One storm, he explains, can wipe out a whole tour if the gigs are all booked on the same latitude. He’s got stories of tornadoes he’s been through in Michigan and New York state, and how “a mean storm — a heavy wind, like you only get in north Texas” can light up the clouds “like Japanese lanterns.”

The past two years, he went on Midwest tours in January, “and both times it was lucky. No bad weather from Texas up to Minnesota.” This year, he set up Midwest tour in December, thinking another January run was pushing his meterological luck. “Sure enough, I hit a snowstorm.”

“It’s just as important to me as to a sailor on the ocean,” he says of the weather. “It makes all the difference between getting by and not getting by.”

He can talk about why so many old bluesmen’s birthdays are given as July 4, 1900 (their births were undocumented, so they didn’t know their birthdays). Why Salvatore Massaro picked Eddie Lang as his stage name (that was the name of the kid who sold newspapers outside the recording studio). How Geremia visited Blind John Davis in Chicago and found his front door had been taken off the hinges and his apartment picked clean (“They took everything but his piano. A blind musician”). Or how going to school with Native Americans in California “gave me my radicalization” and turned him on to American Indian history, and how King Philip’s War “was the beginning of the genocidal process of destroying the American Indian.”

Eventually, in his apartment in Foster, surrounded by books, guitars, 78s, albums and CDs of downloaded music, he gets to the nub of it: “I’ve spent most of my life living alone.”

Geremia was married once – it lasted three or four years, he says. He’s much more affected by what he describes as a common-law marriage that broke up between two and three years ago. “She wasn’t cut out for New England weather,” he says. Living in an uninsulated converted garage in Newport with someone who was on the road half the time was no life for a native Texan. Geremia ran into that north Texas storm he was talking about while heading to get “the good word” from her.

It’s like 83-year-old bluesman Nat Reese told him a week ago, Geremia says: “You gotta remember — people like you and me, we’re a different breed of people. You’re just gonna have to get used to that.”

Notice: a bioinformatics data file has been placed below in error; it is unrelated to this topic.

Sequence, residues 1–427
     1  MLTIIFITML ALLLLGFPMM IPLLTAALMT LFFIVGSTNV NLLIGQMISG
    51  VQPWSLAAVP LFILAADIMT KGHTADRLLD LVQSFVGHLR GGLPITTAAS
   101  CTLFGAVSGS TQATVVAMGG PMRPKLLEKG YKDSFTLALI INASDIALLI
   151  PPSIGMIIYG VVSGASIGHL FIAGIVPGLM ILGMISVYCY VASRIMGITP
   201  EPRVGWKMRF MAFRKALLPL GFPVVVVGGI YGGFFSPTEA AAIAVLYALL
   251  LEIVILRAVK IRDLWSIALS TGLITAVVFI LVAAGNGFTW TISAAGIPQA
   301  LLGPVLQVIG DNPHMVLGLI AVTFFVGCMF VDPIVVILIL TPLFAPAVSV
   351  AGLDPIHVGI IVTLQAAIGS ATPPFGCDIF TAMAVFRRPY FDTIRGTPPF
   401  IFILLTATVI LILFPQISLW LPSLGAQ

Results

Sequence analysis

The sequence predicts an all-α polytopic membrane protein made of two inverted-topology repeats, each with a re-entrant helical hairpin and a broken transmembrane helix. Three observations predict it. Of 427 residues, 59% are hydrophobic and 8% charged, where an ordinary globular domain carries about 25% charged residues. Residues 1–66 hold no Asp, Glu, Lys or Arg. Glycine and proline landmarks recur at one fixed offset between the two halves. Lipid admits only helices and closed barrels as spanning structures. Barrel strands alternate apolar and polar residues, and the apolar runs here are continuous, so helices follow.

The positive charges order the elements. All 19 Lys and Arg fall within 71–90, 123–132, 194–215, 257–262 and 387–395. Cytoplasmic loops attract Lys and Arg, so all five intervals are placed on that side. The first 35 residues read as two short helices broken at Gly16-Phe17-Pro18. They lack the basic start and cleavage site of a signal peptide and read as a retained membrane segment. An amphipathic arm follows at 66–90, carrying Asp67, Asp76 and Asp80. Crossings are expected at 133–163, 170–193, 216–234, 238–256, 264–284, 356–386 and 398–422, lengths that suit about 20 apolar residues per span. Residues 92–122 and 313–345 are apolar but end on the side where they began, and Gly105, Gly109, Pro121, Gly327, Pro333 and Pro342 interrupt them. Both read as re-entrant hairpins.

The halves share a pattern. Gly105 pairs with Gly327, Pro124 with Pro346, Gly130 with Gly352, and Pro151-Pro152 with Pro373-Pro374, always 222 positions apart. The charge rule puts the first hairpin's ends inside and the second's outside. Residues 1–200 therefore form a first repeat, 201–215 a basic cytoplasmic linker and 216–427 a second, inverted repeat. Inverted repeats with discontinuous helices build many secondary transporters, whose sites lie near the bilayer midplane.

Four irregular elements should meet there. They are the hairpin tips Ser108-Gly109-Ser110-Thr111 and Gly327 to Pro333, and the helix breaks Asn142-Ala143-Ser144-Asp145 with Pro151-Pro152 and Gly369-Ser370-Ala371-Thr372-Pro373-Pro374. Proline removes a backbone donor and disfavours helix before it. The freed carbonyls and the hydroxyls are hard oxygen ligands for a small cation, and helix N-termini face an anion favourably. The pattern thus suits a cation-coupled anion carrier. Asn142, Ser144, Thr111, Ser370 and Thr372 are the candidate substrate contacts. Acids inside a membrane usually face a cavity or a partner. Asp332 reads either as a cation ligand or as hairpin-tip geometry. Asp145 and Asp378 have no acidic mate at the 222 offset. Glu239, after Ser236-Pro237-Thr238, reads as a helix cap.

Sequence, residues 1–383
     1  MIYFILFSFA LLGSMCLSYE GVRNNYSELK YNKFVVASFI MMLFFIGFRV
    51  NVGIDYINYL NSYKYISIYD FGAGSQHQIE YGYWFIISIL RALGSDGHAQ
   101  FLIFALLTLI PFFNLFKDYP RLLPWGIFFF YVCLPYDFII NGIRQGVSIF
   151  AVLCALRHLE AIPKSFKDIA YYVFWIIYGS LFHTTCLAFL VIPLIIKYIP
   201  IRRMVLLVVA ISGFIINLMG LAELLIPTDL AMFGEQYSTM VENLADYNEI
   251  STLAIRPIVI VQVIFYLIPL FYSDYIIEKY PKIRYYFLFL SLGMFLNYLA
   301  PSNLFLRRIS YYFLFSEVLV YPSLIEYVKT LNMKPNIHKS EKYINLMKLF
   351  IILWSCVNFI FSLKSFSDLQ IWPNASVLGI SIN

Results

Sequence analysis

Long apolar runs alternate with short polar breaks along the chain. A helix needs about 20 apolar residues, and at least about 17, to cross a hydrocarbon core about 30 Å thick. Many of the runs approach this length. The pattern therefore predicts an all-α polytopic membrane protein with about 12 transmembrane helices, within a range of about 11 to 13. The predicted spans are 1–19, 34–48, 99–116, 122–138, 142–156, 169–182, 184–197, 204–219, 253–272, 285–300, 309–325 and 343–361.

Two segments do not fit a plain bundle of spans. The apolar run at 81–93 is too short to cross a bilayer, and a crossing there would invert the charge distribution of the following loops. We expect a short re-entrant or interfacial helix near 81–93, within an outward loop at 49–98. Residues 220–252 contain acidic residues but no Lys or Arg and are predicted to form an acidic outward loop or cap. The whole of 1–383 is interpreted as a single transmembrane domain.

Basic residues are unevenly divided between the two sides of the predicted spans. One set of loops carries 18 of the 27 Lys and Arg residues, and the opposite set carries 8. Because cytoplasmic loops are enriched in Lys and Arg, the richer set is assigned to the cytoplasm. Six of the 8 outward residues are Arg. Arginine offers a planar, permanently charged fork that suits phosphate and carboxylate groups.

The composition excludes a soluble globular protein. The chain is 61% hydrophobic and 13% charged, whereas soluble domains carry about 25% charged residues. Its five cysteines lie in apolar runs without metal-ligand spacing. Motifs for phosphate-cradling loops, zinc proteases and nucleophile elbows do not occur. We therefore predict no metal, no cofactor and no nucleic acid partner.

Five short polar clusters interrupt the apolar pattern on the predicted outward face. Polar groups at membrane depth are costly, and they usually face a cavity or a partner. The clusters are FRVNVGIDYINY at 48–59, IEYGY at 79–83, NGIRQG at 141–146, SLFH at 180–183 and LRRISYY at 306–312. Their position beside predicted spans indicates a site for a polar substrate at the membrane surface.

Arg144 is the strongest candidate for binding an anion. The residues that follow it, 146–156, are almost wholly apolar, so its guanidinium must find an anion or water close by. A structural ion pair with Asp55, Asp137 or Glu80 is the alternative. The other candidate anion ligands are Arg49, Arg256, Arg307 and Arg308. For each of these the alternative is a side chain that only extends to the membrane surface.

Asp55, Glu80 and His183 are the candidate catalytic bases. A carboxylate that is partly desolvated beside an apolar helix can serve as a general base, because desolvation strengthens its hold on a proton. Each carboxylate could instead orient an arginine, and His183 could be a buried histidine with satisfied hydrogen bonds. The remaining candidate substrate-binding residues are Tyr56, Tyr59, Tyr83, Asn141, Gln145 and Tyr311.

“But what I tell myself more than anything,” Geremia says, “is now’s the time when you’ve got to show what you’re made of. If you want to sing the blues, you’ve got to live the blues too. And it’s the [expletive] blues. It’s like Son House says, that’s what the blues is about, mainly — difficulty between men and women.”

Or men and the world, no? “More to the point, sure.”

Tell him that his life sounds like one of the songs he sings, and he pauses and says, “Yeah.” Then there’s a silence until he puts on a 78. Lefty Frizzell singing Jimmie Rodgers’s “Traveling Blues” fills the air.

If he’s coming to terms with that, he seems to have come to terms a long time ago with the level of success he’s had. It’s a living, but it’s not a great living. Yet he backed out of a recording contract with Kicking Mule records (which producer Grossman part-owned) about 20 years ago, he says, because they wanted him to do more singer-songwriter-style material, with keyboards and such.

He went his own way. Seeing and knowing great players and performers such as Patrick Sky, Phil Ochs, Tim Hardin and Dave Van Ronk, who reached for and never quite got the brass ring of the music business, “I realized that a lot of these people, if they made any mistake at all, it was in making concessions to the music business, instead of doing things the way they wanted to do it. So I decided that I’m going to do stuff the way I want to do it. If you’re going to fail, there’s no point in failing in addition to giving up on what your own dream is.”

Better to do what one does.

“The music business and the technology go through a lot of changes, but people like the same thing. I think there’s a sense of honesty when you’re doing something you really like to do, and people pick up on it. I don’t have any regrets. I’ve done the best I could do, and it’s just a question of keeping things going as best as I can."

“You pay the price for your ideals,” Geremia says. “You pay the price for being in love. It’s a risk.”

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Thanks to Rick for his above essay.

Paul is, truly, an humble master and a living treasure.

BTW... the Tonk Bros. mighty twelve-strings acoustic shown in the attached pix - later also the property of Todd Cambio - served as a model to my own Blazer & Henke Stella Replica ladder-braced guitar, which was also played by Paul himself, while in Europe, for some gigs (see it in attached pix, with an older, sun-glassesless Paul).